Although the U.S. economy is in a sustained expansion and many economic indicators show continued strength, concerns about a possible recession have emerged. One reason is the narrowing spread between long-term and short-term Treasury yields. A well-established regularity in postwar U.S. economic history is that an inverted yield curve—when long-term rates drop below short-term rates—is generally followed shortly afterward by an economic recession.
Financial commentators typically focus on the difference between the ten-year and two-year Treasury yield (10y–2y), because the former summarizes long-term perceptions and sentiment of bond market investors, while the latter is viewed as a reasonable indicator of the stance of monetary policy. But many other combinations of long-term and short-term yields are possible. The tradition in the academic literature has been to focus on the spread between the ten-year and three-month Treasury yields (10y–3m), going back to Estrella and Mishkin (1998), who documented the strong predictive power of this term spread for recessions and economic activity. Recently, Engstrom and Sharpe (2018) have argued that a spread of short-term Treasury rates—the difference between the six-quarters-ahead forward rate and the three-month yield (forward6q–3m)—might be preferable as a predictor because it focuses on expectations of the near-term path of monetary policy.
Term Spreads vs Recessions
The traditional 10y–3m spread is the most reliable predictor, and we do not find any evidence that would support discarding this long-standing benchmark as a measure of the shape of the yield curve. It is worth emphasizing again, however, that all of these term spreads are fairly accurate predictors and quite informative about future recession risk; the differences in forecasting accuracy are small.
On theoretical grounds, one may argue that, when gauging whether the bond market signals a future downturn, one should not compare the ten-year yield itself, but instead its expectations component, the average expected path of short-term interest rates over the next ten years, to the current short-term rate.
But what about quantitative easing (QE)? One might argue that long-term yields, particularly the term premium component, are significantly depressed due to QE programs by central banks around the world and the large balance sheet of the Federal Reserve. Much empirical research suggests that QE likely had quantitatively large negative effects on long-term rates and that some of these effects are still present and continue to push down the long end of the yield curve (Bonis, Ihrig, and Wei 2017). If long-term yields are still low because of QE, and if these effects contribute to the yield curve flattening but do not increase recession risk, then some part of that flattening may not be worrisome at all.
While this reasoning is plausible, these are, however, two big ifs. First, there is a lot of uncertainty around the effects of QE on interest rates, as evident from statistical measures of uncertainty, such as the wide confidence bands reported by Bonis, Ihrig, and Wei (2017) and others. In reality, the uncertainty is almost surely even larger than that, because these estimates assume a specific underlying model that is itself highly uncertain. Second, while a lower term premium contributes to easier financial conditions and therefore stimulates economic activity, this was also the case in the past and at times may have contributed to economic overheating, heightened financial stability risk, and ultimately higher recession risk.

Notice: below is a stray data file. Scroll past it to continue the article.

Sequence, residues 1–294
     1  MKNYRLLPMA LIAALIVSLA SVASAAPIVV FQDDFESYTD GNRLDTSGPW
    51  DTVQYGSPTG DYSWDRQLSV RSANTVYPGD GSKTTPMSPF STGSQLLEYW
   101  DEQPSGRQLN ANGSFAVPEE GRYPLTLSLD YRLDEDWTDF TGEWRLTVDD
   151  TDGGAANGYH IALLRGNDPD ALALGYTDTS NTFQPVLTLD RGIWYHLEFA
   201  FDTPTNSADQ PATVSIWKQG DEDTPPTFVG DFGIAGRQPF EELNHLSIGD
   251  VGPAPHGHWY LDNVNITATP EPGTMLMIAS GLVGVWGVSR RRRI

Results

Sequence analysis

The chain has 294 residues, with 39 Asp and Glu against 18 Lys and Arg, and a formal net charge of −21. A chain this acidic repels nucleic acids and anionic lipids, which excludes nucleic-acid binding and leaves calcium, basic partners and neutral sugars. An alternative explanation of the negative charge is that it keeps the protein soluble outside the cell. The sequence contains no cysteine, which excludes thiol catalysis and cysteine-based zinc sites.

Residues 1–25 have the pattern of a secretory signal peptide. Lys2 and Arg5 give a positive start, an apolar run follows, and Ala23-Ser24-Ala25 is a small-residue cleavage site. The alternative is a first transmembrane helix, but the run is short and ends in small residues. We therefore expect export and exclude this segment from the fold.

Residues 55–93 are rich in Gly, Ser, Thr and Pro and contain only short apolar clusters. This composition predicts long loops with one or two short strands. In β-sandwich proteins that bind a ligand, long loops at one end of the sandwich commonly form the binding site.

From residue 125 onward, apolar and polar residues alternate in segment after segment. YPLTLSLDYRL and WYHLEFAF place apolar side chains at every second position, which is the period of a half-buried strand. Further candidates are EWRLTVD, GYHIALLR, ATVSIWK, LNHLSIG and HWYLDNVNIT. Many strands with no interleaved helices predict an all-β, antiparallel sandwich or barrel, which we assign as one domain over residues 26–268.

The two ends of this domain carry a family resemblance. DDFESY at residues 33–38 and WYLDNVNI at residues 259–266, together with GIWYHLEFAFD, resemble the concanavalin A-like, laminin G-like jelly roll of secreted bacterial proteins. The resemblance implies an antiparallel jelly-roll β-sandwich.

In light of the evidence on its predictive power for recessions, the recent evolution of the yield curve suggests that recession risk might be rising. Still, the flattening yield curve provides no sign of an impending recession.
Cause and Effect
Furthermore, when interpreting the yield curve evidence, one should keep in mind the adage “correlation is not causation.” Specifically, the predictive relationship of the term spread does not tell us much about the fundamental causes of recessions or even the direction of causation. On the one hand, yield curve inversions could cause future recessions because short-term rates are elevated and tight monetary policy is slowing down the economy. On the other hand, investors’ expectations of a future economic downturn could cause strong demand for safe, long-term Treasury bonds, pushing down long-term rates and thus causing an inversion of the yield curve. Historically, the causation may well have gone both ways. Great caution is therefore warranted in interpreting the predictive evidence.
The above paragraph is silly.
Inverted yield curves do not cause recessions. Recessions are generally caused by the monetary excesses that preceded the recession. Recessions can also be caused by external shocks, wars, sanctions, etc.
The yield curve in an indication of something, not the cause of anything.
The yield curve has been a reliable predictor of recessions, and the best summary measure is the spread between the ten-year and three-month yields. Although this particular spread has narrowed recently like most other measures, it is still a comfortable distance from a yield curve inversion. In this Letter, we do not find an empirical basis for adjustments based on the term premium, especially in light of uncertainties about the possible effects of quantitative easing. Finally, when interpreting the yield curve evidence, it is important to remember that the predictive relationship in the data leaves open important questions about cause and effect.
Once again, the cause-effect is not open. Inversion does not cause anything.
That aside, I find the letter quite balanced. Yet, it is lacking. Recessions can occur without the yield curve inverting at all.
For proof, look at Japan.
One should not take it as fact that inversion is a necessary prelude to recession. The study failed to mention that point.
Mike "Mish" Shedlock